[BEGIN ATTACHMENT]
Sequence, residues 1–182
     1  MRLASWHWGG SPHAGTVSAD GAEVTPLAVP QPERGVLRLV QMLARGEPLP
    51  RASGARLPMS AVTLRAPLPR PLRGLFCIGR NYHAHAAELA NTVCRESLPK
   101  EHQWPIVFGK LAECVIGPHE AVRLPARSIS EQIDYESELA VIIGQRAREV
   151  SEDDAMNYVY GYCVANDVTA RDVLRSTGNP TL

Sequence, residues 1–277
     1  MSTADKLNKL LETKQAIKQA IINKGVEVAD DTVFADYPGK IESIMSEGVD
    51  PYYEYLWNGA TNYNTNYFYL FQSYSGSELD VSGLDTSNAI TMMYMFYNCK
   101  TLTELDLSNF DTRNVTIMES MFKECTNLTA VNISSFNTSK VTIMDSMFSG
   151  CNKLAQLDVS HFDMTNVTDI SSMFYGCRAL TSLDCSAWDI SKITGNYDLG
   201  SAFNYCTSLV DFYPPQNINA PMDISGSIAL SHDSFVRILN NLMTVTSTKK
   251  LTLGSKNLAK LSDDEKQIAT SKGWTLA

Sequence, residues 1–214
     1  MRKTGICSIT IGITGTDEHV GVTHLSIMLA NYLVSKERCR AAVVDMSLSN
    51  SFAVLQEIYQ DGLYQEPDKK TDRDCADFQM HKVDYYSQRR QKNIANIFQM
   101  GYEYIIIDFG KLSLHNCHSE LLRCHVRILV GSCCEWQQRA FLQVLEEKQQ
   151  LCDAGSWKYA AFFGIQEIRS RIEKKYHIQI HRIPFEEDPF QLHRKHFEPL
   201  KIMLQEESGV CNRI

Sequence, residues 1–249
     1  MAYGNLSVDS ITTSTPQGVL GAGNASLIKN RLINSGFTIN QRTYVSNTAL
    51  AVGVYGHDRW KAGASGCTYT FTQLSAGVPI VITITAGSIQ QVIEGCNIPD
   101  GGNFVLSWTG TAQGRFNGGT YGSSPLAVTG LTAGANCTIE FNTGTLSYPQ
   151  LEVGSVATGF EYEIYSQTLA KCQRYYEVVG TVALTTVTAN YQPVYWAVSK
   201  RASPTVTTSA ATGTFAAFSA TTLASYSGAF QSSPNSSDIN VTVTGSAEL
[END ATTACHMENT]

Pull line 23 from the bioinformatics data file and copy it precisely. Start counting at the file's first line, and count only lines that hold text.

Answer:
   151  LEVGSVATGF EYEIYSQTLA KCQRYYEVVG TVALTTVTAN YQPVYWAVSK